- The legs group discussed research tools and methods that could be effectively deployed to capture more grounded data regarding pastoral systems. Issues of reciprocity, consent, outsider/insider relationships and power dynamics during fieldwork were discussed. Following people’s mobilities to learn how they navigate place, using language as a phenomenological tool to understand local concepts, and using ICT tools emerged as some useful methods. Nevertheless, major practical constraints were also discussed such as the limits of shadowing mobility in certain localities like Mali, and how mobilities impact our writings considering that quality of field notes is inversely related to field immersion and researchers own mobility.
All three groups expressed the need to pay close attention to the subjects’ own articulation and categorisation of mobility. This reflection was informed by reflection on researchers’ mobilities and how they may change over a career. PhD students may lack their own transport and have more opportunities to move alongside participants; later researchers may have more control over their own mobilities (i.e. with rented vehicles). Thus, discussions of mobility were multi-faceted and self-reflective as we examined how changing methods impact knowledge creation. Ethnographic approaches emerged as a way to develop a deep understanding of mobility, by revealing the politics of ideas, narratives, and methods. In all groups, we have found these reflections as crucial to bridging the divide between responding to the audience’s (especially policy makers) simple data needs and presenting a more sensitive, honest, and complex story as found in the field.
Although we recognised that each of the camel parts are linked and work together and can be separated only in the abstract, we still faced challenges in jumping from the discussions held in the three groups separately towards a dynamic understanding of “the whole” camel—which in its totality represents a methodological infrastructure different from the mere sum of its constituent parts. Difficulties rose from the process of passing from an understanding of methodology as a means of collecting data towards thinking about methodology as an approach, a lens, in which we look at the world. In this, the camel subdivision, which was initially felt too rigid, resulted in becoming a useful operational tool to organise our thoughts—however, looking forwards, we intuitively believe that understanding the “whole camel” reflects precisely the task ahead of us, but exactly how still remains unclear.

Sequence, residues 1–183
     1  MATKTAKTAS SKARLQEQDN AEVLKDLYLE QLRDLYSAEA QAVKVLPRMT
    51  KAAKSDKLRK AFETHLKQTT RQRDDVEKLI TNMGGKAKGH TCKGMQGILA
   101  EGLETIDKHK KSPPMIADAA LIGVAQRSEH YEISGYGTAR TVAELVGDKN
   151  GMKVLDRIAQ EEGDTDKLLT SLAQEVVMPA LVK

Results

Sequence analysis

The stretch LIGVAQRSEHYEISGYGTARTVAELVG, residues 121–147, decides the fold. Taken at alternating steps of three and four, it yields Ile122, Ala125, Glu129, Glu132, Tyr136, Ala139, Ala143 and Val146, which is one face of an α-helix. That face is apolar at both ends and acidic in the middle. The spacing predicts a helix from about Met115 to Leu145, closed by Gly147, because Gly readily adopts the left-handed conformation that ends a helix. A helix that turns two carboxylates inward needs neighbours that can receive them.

Pending questions emerged around the need to also include other parts of a camel body: how is it pulled from its ears and tail by an increasing number of external actors (regional and national governments, international community, private companies and industries) who are expanding their control over pastoral contexts historically otherwise marginalised? How is its hump used to store vital resources?—as a metaphor for a discussion on data protection in an increasingly digitalised world. And finally, we asked ourselves if mobility is a useful framework and analytical lens to discuss the methodological quandary we set up to challenge.
As we go on to discuss our ideas further through the IUAES inter-Congress in Poland in August 2019 and the Oxford Desert Conference in April 2020, we are compiling a special issue to share these initial reflections and contributions with a wider audience and build a growing consensus around the urge to update our research methodologies—as researchers of mobile pastoralism—upon the opinion that methodology is not neutral, and we should stand with the people whose lives we study and care for.
Greta Semplici: DPhil Candidate at Oxford Department at International Development
Ariell Ahearn: Departmental Lecturer, School of Geography, University of Oxford
Jill Blau: Lecturer in Development Studies, Adventist University of Friedensau
Linda Pappagallo: PhD Candidate, Sussex/IDS (PASTRES)
Natasha Maru: PhD Candidate, Sussex/IDS (PASTRES)
Giulia Gonzales: PhD Candidate in Anthropology, University of Turin
Saverio Krätli: Associate Research Fellow Germany Institute for Tropical and Sub-tropical Agriculture and also at Transdisciplinary and Socioecological Land Use Research Centre (Germany); Editor of Journal “Nomadic Peoples”
Dawn Chatty: Emeritus Professor in Anthropology and Forced Migration, University of Oxford
Marcel Rutten: Senior Researcher, African Study Centre, University of Leiden
Francesco Staro: Independent Researcher, Social Anthropologist
Clare Oxby: Research Affiliate, Institute if Social Anthropology, University of Bern
Ulrike Schultz: Professor in Development Sociology, Adventist University of Friedensau
Troy Sternberg: Senior Researcher, School of Geography, University of Oxford
Salah al-Mazrui: Anthropologist (Oman)
Allison Hahn: Assistant Professor in Department of Communication Studies, Briuch College CUNY
Stefania Pontrandolfo: Researcher of Socio-cultural Anthropology, Department of Human Sciences, University of Verona
Marco Solimene: Postdoc Researcher, Department of Anthropology, University of Island
Veenonukona Tjiseua: Master Student, University of Free States (South Africa)
Dylan Groves: PhD Candidate in Comparative Politics, Columbia University
Sergio Magnani: Researcher and adviser in pastoral development, Institute of Research and Application of Development Models (Montpellier)
Cory Rodgers: Pedro Arrupe Research Fellow, RSC, University of Oxford